Starting high to low also means not getting sucked into exploring small segments unless you have an immediate reason to do so. There have been zero, zilch, nada scientific, peer-reviewed studies validating or quantifying the use of small segments in genealogical research. Or even what a "small segment" means. Some not-scientifically-tested but empirical data suggests that 6cM segments are false 74% of the time; 7cM segments are false 58% of the time; and 8cM segments are false 38% of the time. Not "difficult to validate"; false. At the level of 4th cousins, your theoretical amount of shared DNA is 13.3cM; for 5th cousins it's 3.3cM. Moreover, only 14.9% (17:3 odds) of your 5th cousins are going to share any detectable DNA with you at all, so it takes a lot of luck as well as work to use autosomal DNA back to 3g- or 4g-grandparents.
Too, often overlooked, is that what we see when GEDmatch or FTDNA or 23andMe reports a segment length is not only computed via a form of linear equation originated by an Indian mathematician named Kosambi in 1944 (refining work by a gentleman named Haldane who coined the term centiMorgan way back in 1919)--meaning that it isn't a physical measurement at all, it's an estimated one; there is actually no centiMorgan "length"--but the value in cMs is what is called "sex averaged." All us men know that females are more complex than we are, and the female genome does see about 30% more DNA crossover at gamete production than males. The result is that the cM computation for a male and a female at precisely the same range of DNA base pairs can be very different, sometimes as much as 10cM or 15cM. Working with segments as low as 7cM means we're using a sex-averaged value that may see the actual gender value above the threshold for males, but below the threshold for females.
For example, here is an actual match between a cousin and me on chromosome 18 starting at base pair 72,323,427. The three different centiMorgan computations by gender are:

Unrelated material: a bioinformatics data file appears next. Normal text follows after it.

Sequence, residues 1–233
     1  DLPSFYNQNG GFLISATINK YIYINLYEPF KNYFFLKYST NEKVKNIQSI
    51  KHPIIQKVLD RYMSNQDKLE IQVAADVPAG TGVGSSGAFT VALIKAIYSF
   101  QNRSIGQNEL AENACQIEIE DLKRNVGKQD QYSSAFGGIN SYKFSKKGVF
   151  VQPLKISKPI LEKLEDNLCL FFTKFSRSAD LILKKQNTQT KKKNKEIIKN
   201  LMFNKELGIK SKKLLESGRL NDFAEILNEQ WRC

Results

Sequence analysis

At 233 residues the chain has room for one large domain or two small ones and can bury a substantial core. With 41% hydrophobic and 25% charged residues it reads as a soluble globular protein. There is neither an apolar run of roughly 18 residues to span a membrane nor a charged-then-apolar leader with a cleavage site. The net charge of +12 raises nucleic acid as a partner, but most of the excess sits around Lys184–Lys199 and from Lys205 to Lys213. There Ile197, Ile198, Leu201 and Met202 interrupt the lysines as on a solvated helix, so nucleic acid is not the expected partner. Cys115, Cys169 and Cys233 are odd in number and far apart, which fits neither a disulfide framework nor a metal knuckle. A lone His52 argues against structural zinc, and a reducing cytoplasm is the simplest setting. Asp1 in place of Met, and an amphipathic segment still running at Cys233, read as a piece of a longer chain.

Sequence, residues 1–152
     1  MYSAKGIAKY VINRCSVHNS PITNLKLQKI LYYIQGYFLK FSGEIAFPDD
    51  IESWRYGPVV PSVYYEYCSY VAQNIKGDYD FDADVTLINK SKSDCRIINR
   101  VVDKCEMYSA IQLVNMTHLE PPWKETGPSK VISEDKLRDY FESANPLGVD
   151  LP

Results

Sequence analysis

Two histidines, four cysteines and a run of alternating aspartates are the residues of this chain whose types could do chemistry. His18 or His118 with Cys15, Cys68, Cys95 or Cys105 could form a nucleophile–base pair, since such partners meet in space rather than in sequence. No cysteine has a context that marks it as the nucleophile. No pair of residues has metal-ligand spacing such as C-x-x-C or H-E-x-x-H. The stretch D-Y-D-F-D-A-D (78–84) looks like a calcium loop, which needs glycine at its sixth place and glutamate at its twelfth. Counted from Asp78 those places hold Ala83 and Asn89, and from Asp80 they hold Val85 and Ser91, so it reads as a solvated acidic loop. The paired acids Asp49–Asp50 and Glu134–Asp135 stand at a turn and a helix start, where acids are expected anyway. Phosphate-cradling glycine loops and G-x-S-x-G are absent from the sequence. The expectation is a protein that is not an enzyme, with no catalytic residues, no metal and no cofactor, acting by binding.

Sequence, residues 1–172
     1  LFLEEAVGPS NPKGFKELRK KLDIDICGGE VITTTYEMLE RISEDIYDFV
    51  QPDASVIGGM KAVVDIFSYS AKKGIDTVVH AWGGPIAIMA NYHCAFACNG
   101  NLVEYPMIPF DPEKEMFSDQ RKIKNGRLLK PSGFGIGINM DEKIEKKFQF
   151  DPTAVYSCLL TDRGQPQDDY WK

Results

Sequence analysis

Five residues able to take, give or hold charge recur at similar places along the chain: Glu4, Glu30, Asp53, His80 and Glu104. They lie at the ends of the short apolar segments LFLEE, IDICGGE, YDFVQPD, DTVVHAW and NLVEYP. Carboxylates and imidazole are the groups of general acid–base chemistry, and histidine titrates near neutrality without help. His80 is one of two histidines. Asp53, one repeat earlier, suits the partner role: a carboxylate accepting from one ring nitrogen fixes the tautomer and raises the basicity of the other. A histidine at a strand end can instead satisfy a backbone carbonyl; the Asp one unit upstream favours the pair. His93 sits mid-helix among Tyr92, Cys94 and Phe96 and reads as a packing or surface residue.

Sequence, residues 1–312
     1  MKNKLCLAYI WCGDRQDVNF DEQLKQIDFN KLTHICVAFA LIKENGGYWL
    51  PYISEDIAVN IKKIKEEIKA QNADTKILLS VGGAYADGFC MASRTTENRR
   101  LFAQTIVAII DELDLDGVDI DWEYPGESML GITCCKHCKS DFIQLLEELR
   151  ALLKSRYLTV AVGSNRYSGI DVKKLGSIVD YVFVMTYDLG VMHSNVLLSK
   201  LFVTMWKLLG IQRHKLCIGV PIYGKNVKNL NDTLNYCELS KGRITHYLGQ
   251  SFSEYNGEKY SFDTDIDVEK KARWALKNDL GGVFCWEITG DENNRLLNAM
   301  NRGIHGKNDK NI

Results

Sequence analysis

- Male: 11.1cM
- Female: 4.4cM
- Sex-averaged: 7.9cM
We have to use the sex-averaged value, in this case because I'm male and she's female, but also because that's all that GEDmatch and the testing companies can realistically report to us. But is using the 7.9cM average value valid if we're talking about two female cousins who descend from two different daughters of a shared grandmother? The gray area is simply too broad when trying to work with small segments, IMHO.
The Shared cM Project's crowd-sourced data shows 35cM average sharing among 4th cousins; the mathematical average is 13cM. I personally would split the difference and not bother trying to investigate matches that show less than about 20cM or 25cM unless you absolutely feel you know what you're doing.
Last, RJ said, "There's a process misnamed triangulation..." And he's correct. That Latin root "triangulus" is an artifact that causes a lot of trouble. Three legs on the stool is a minimum and most often isn't enough. With autosomal DNA--I'm now speaking as a method (which is not proven or standardized, BTW, in the genetic genealogy community), not of WikiTree guidelines--using just three people can work fine at the 2nd cousin level, but probably needs an additional tester or two to validate at 3rd cousins, or 2g-grandparents. When you get to 4th cousins, it rapidly becomes much more complex. In fact, one of the researchers who is often pointed to as saying 7cM segments are likely valid is Jim Bartlett. What Jim actually wrote is this:
"However, my triangulation process involves a lot of work... I highly recommend starting with 15cM as a threshold (or even higher, if you don't have the time or inclination). Setting a personal threshold is a good way control the amount of work you are willing to put in."
Jim's point is also that working to establish valid evidence using small segments is very complex and difficult...if it can even be done. When he says his process involves a lot of work, Jim has said that it's typical for him to work with triangulation groups that have upwards of 20 people in them before he's willing to accept a 7cM segment as valid: "If 1 or 2 of those triangulated shared segments turns out to be IBS [identical by state, or not able to be validated to a specific ancestor...think, "identical by chance"], it's not harmful in the grand scheme."
Lindis, I know this does little to address the five matches you've found on GEDmatch and Ancestry. But it's refreshing to see someone asking, "How does this work?" rather than "How do I mark these 3g-grandparents 'confirmed with DNA?'" It's about understanding the process and the fundamentals, not about leapfrogging straight to an end result that may or may not be valid. I'm now putting my soapbox away for the day.... :-)